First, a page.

THE LAWS OF ALABAMA in regard to runaway slaves were never very severe. They were much the same as other measures for the recovery of other types of lost property. Under these laws, a slave found eight miles from his owner's plantation, or one who was away more than two days without permission of his master, was considered a runaway.1 A slave who merely went off on a short trip did not fall into this classification.
A runaway slave, however, whether his absence was long or short, was both a trouble and an expense to his owner. The excitement on the plantation when a runaway's absence was discovered was bad for morale and interfered with routine. If the truant was found, the master usually had to pay a fee for his arrest and his lodging in jail. If he succeeded in making good his escape, the financial loss to the owner ran into hundreds of dollars.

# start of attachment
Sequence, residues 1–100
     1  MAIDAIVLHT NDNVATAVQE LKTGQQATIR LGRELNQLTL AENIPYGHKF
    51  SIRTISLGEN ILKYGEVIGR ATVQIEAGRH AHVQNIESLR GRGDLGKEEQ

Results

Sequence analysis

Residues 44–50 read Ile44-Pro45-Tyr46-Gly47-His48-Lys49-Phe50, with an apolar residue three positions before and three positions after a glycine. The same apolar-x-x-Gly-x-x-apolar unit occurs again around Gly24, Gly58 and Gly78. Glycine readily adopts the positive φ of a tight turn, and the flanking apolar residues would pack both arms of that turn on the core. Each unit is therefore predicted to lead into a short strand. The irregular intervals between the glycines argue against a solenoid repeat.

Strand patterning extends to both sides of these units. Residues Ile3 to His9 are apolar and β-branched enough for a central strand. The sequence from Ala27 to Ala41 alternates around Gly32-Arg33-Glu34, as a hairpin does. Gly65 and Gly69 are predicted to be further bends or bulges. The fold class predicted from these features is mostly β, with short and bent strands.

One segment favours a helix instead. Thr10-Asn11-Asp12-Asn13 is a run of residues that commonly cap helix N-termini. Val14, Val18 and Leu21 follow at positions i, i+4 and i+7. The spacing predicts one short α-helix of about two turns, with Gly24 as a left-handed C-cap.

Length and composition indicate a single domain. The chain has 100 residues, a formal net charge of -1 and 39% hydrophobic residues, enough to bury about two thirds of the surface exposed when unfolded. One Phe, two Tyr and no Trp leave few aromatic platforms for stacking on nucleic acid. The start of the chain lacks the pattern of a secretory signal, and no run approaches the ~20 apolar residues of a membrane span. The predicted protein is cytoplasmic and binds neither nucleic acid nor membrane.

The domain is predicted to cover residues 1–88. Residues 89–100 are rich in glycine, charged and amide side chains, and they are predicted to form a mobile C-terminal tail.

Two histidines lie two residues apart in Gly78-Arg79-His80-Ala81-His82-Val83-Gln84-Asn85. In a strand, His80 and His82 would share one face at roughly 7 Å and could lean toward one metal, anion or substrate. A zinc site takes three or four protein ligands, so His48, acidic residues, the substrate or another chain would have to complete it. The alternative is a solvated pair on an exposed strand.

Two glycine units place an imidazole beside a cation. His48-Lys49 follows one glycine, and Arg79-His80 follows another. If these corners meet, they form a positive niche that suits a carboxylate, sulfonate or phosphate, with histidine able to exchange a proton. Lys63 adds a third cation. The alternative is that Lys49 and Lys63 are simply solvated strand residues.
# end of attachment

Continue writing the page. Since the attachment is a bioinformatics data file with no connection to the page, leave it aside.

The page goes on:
Why did slaves run away? Only when one analyzes the causes for truancy, can one understand the problem. And, it must be admitted, such analysis highlights some of the worst aspects of slavery.
Slaves frequently ran away to restore family bonds which had been disrupted. Advertisements for runaways often carry statements like these: "He has a wife who formerly lived in the neighborhood of Capt. Leslie, but has since moved to the vicinity of Limestone; it is supposed he is lurking about the place of her residence";2 "The above negroes, I have no doubt, will aim to go to Columbia, in the State of Tennessee, at which place their father and mother____________________